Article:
Love isn’t always blind to age Love isn’t always blind to age

Everything that can bring two people with a significant age difference together at first, can be what puts the relationship at risk later on.

Medical Advisor Dr. Beatriz Arango, family and couples therapist

Romanticism has taught us that with love, anything is possible, that age is not an obstacle, and that all problems can be overcome. While there is a lot of truth to this, there is also much to analyze and reflect on in order for love grow strong effectively and break down all barriers.

The statistical analysis of a study conducted by Emory University in Atlanta found that relationships with a 10-year age difference increased the chances of divorce by 39%; if this age difference was 20 years, chances of divorce grew to 95%. For the study, 3,000 people participated who at some point had a relationship with an older partner. According to the study’s conclusions, the perfect age difference for a couple is 12 months, as it found that only 3% of these couples separate.

But does it have to be this way? Changes in the modern world now allow for these types of couples to last longer. While the social taboo continues to exist, preventing many relationships from flourishing, new generations are holding greater disregard for these taboos. As Dr. Beatriz Arango explains, a family and couples therapist, the fact that more and more people have decided not to have kids has contributed to the likelihood of having older partners without the need to worry about reproducing. This phenomenon also reduces the chances of separations.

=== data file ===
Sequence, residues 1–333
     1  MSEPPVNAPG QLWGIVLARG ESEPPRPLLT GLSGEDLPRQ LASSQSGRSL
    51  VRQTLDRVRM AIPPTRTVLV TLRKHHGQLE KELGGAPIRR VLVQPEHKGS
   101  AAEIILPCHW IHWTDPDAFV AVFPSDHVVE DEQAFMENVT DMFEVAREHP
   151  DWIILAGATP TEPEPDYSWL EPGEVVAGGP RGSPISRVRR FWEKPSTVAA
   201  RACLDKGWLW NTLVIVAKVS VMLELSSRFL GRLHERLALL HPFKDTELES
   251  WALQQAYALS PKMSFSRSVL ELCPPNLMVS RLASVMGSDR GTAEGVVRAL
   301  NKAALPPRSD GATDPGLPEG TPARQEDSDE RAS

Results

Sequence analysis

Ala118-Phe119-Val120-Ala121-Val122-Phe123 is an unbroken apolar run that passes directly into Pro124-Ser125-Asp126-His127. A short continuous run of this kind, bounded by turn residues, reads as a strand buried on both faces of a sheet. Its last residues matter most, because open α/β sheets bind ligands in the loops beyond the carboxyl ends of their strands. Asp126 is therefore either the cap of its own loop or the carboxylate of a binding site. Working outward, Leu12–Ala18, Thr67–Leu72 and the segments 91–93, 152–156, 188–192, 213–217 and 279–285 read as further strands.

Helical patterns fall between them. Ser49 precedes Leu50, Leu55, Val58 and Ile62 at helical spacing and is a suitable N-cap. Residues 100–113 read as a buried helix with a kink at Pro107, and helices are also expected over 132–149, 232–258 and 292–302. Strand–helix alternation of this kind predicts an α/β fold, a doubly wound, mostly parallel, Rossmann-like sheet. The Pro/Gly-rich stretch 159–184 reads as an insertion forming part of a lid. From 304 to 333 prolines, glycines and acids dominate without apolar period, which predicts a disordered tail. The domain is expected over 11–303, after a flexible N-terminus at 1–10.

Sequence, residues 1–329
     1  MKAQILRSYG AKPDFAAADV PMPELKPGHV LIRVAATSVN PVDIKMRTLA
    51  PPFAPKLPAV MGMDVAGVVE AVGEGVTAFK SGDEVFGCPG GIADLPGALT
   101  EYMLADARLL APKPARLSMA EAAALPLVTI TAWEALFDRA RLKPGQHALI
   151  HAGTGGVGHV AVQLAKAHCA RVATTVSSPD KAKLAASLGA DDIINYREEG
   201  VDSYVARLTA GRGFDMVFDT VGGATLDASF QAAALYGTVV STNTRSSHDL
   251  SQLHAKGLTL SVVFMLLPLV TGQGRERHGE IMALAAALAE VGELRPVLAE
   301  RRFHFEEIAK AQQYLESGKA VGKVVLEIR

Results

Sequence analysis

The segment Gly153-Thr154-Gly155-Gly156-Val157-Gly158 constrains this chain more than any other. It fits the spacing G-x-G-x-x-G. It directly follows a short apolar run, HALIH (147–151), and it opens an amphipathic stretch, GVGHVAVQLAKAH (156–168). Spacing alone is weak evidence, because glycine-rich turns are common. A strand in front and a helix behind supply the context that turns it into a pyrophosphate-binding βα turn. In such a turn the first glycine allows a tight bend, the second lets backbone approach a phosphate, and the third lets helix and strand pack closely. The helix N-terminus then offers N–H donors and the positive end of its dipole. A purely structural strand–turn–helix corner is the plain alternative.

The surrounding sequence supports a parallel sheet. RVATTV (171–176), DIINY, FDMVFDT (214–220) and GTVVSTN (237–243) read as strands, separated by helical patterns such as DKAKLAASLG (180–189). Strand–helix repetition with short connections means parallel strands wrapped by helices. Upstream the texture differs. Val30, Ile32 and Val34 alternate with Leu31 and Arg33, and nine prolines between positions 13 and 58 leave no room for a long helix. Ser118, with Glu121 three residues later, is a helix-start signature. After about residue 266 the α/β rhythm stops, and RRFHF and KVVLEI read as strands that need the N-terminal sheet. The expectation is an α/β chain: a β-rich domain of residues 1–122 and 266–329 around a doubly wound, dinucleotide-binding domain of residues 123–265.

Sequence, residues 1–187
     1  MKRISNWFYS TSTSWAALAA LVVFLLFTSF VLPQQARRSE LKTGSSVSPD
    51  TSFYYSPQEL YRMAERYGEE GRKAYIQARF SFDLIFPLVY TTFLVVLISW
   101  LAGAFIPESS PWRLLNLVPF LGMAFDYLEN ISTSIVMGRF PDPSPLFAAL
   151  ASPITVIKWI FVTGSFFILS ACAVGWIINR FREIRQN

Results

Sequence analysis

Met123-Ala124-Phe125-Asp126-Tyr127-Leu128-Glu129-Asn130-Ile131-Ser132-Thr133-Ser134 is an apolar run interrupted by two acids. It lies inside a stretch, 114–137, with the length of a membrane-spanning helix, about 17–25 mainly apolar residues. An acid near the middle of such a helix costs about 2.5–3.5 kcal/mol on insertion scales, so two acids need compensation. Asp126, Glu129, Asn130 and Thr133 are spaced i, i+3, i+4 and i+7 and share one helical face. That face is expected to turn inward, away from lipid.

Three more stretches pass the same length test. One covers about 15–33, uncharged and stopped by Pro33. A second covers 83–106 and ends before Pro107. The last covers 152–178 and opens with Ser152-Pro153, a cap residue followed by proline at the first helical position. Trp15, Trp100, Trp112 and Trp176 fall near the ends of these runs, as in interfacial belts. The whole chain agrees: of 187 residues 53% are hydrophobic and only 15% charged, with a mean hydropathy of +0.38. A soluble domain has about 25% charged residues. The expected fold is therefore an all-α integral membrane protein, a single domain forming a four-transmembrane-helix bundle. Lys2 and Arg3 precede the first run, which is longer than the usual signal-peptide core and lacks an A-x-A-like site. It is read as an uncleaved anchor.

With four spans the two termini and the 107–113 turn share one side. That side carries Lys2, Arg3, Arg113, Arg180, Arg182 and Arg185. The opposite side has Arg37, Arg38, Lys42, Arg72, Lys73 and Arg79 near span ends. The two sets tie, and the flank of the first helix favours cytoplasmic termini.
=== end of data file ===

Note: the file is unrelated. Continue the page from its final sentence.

Despite all of this, the risk still exists. While scientifically speaking, there are no specific reasons behind why couples separate, there are certain situations at certain phases of a relationship that can pose a threat to separation. As our specialist explains, however, “All couples face their own unique issues and they each must treat them as so.”

Stages of love

As with all loving relationships, the first year and a half of the relationship is the ‘falling in love’ stage, “This stage is hormonal and primitive.” Love is part of our limbic system and is related to pleasure. It is normal for younger people to feel attracted to more adult people due to the wisdom they possess, for example. This comes from the desire to want to gain knowledge. The power they have, their confidence and their experience also makes them a protective and supportive figure for future life goals. In contrast, adults will feel younger. Spending time with a younger social group gives them energy, vitality and they also experience sexual renewal. In these situations we refer to couples who first feel completely connected, but due to their hormonal activity, they may not think of how their differences may pose a threat to their relationship in the future.

In the second phase of falling in love, the neural connections that lead to growing stronger feelings for each other and to the desire for commitment occur in the cerebral neocortex. This is the stage in which these differences that could affect them should be recognized and accepted, establishing a commitment to continue the relationship despite these differences.